Ruth: It has been.

Anna: And I say that you’re part of my half away ever after.

Ruth: I think so too and in fact, I’m going to write about this in my next book when I get to meet you. It would be awesome.

Anna: And I should write about it in mine too.

Ruth: Yeah, when I’m writing that getting published and reading my audio book. It’s going to be so exciting.

Anna: I’m excited to read that. Can I help you with that one too?

Andrea: I’m in.

Ruth: We’ll take all the help we can get as we know all three of us are authors, we need help from each other for sure.

Ruth: Absolutely!

Anna: That was an experience that I will never forget. I’m grateful that I didn’t know who you were so that this connection could become something what it is now and just so special.

Ruth: It is very special. And Anna is awesome, not only she’s doing tremendous good in the world but are her sisters. They live two neighborhoods away from me. They’re so close, 20-minute drive from my house here in Portland and so that’s been pretty awesome.

Andrea: Wow that connection, a family connection. It sounds like the healing that has come with that has been so significant even beyond… I mean, writing a book about your story, there’s so much healing that can take place with that. But then like you had no idea what would happen when you came together. I mean, you would never been able to orchestrate it. You never would have been able to ask for it. It was such a gift, it sounds like.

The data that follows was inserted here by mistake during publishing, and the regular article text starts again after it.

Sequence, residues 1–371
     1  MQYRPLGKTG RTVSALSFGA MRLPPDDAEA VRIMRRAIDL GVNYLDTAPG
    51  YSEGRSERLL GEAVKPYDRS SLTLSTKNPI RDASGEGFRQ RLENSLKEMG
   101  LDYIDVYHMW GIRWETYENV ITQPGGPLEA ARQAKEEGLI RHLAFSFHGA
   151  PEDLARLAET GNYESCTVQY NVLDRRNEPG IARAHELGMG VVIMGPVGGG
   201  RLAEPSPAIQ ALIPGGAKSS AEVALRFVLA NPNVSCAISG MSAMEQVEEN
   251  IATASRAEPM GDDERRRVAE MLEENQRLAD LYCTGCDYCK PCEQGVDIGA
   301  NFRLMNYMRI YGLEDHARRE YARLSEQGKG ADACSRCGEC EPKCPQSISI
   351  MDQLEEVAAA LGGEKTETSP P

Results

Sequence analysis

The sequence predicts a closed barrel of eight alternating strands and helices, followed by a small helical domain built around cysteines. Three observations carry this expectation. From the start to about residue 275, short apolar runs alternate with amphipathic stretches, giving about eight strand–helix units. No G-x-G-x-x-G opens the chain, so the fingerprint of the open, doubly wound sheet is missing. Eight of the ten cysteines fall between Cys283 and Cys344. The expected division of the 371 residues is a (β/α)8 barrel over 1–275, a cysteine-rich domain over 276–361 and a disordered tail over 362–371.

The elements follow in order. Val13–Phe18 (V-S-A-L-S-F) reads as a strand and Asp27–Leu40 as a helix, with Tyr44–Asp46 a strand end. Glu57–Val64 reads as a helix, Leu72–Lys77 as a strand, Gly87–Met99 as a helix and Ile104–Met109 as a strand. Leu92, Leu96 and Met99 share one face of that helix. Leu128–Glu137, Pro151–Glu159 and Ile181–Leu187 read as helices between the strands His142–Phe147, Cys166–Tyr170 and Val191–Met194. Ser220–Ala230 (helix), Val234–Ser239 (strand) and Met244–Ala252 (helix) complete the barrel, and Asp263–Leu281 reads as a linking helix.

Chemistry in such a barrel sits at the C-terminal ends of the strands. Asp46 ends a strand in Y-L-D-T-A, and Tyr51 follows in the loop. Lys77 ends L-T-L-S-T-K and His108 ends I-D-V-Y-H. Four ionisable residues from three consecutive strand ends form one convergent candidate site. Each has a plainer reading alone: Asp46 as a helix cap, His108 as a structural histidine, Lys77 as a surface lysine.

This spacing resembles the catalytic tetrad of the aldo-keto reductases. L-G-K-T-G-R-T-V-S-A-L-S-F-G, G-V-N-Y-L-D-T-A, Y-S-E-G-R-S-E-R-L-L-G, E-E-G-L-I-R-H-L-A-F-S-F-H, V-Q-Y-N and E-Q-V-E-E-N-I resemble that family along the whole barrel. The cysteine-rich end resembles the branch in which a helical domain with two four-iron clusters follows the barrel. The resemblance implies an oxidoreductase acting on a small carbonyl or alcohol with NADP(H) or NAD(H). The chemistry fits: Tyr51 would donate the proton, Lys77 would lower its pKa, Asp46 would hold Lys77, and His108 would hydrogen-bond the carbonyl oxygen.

Ruth: Oh a tremendous gift, a tremendous blessing for sure.

Anna: For both of us.

Ruth: For both of us and I feel like I’ve been connected in a way to my father in a way that I haven’t been before. And actually, I’ve met a couple of times now with Anna and her family, her siblings my family too. And just hearing their stories and their perspectives about what the stories were about my dad, you know, and what the stories about that side of my family that I didn’t know a lot about. It’s been amazing.

Andrea: Now, Ruth, one of the things that you’ve mentioned was by meeting Anna and hearing her story and having compassion for her, you were able to have more compassion for yourself. Can you expound on that a little bit?

Ruth: Part of my journey with what happened in my life, there’s been a lot of…you know, growing up in fundamentalism that way, I didn’t feel…gosh it was such a big family but not only that, just the beliefs about women and their place. And there was also a lot of abuse in my childhood, and so I was always very hard on myself in my journey. And I separated with a lot of guilt because my mom really wanted her family to be raised in the fundamentalist church that my dad started.